We first stumbled across The Botanist while tasting Scottish Gins with Scottish smoked salmon at various bars and restaurants across Edinburgh. Since then, the Bruichladdich Distillery made spirit has become one of the most beloved Gins in the world, quickly spreading across bar menus and home setups. It’s unique mix of botanicals has made it one of the most recognizable brands on the planet, and we’re just happy that it’s now widely available Stateside.
Created by Bruichladdich distillery in Islay, Scotland, The Botanist was on the forefront of Gin’s terroir movement. In the wine world, terroir is the subject of much discussion. Some believe in it and others don’t, we, however, do, and The Botanist is able to express Islay’s distinct topography and climate through the Gin’s various botanicals. Islay is primarily known for its peaty Scotch such as Lagavulin and Laphroaig, and The Botanist is one of only two Gins made on the island. The idea seems to be that from a place known for world class Whisky can also produce world class Gin, and we are inclined to agree.
In total, 31 botanicals go into The Botanist, including 22 of which are professionally forged in Islay. The full list is as follows: angelica root, apple mint, birch leaves, bog myrtle leaves, cassia bark, chamomile, cinnamon bark, coriander seed, creeping thistle flowers, elder flowers, gorse flowers, heather flowers, hawthorn flowers, juniper berries, lady’s bedstraw flowers, lemon balm, lemon peel, liquorice root, meadow sweet, orange peel, oris root, peppermint leaves, mugwort leaves, red clover flowers, tansy, thyme leaves, water mint leaves, white clover, wood sage leaves.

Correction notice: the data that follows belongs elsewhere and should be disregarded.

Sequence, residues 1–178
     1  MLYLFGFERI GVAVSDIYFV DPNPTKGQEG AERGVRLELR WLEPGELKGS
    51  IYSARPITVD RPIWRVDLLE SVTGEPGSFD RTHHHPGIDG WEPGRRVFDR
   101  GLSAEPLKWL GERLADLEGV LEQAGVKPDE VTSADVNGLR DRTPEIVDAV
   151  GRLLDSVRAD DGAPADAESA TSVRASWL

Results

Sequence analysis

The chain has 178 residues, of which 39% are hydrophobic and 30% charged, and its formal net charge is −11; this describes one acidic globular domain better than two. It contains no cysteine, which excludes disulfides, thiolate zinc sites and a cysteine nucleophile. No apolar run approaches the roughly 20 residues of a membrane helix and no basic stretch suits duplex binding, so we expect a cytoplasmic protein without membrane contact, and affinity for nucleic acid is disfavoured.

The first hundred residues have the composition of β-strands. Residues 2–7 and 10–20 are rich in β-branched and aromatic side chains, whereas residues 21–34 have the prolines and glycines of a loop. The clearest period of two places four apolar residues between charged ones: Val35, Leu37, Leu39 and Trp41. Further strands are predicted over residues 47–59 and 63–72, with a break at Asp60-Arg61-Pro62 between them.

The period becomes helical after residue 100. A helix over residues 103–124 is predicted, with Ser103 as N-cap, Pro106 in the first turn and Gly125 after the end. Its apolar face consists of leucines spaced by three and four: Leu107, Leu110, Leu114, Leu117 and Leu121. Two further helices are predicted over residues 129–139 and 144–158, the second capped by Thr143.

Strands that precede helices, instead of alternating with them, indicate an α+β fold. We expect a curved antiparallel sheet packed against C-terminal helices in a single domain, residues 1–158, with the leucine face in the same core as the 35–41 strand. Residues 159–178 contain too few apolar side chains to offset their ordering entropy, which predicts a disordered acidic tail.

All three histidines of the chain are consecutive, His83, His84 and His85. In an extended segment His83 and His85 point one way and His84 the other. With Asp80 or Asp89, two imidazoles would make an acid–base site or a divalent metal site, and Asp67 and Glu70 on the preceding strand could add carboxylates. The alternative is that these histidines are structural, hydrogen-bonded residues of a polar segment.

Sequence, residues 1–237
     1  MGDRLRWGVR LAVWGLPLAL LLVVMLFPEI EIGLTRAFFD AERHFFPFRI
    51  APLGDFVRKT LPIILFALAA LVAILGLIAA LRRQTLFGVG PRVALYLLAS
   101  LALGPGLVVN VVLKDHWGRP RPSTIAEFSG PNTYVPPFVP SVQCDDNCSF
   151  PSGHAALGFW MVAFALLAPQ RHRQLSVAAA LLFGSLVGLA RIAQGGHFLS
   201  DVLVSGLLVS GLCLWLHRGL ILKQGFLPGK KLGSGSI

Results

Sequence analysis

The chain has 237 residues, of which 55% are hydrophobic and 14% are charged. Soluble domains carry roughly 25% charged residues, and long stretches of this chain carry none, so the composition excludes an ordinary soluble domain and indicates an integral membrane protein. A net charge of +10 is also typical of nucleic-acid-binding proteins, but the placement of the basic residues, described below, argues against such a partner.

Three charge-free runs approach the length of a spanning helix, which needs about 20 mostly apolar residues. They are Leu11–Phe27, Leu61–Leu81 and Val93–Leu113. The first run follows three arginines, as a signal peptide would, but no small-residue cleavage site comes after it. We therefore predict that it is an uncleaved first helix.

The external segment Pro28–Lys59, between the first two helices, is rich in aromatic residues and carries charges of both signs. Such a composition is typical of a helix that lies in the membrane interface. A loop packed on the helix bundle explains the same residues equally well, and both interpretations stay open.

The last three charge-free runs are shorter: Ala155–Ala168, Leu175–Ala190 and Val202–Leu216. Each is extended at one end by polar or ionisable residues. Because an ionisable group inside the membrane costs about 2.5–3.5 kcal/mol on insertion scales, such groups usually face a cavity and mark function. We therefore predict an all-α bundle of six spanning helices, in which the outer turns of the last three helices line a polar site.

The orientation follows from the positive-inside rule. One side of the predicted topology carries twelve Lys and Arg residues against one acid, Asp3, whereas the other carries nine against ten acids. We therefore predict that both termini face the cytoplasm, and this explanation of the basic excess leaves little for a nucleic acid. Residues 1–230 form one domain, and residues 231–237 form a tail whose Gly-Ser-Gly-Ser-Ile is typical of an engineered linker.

On the nose, notes of citrus mix with floral and menthol. The palate is warm and calm with more bursts of citrus and spice along with round herbs. The finish is long with a nice amount of fire and spice.
- Smoke & Roses
- Mint Seventy Five
- Rosemary Sour
- Elderflower Collins
- Wild Rose Sours
- Chamomile Collins
- One Day In Islay
- Gibson Mcpickle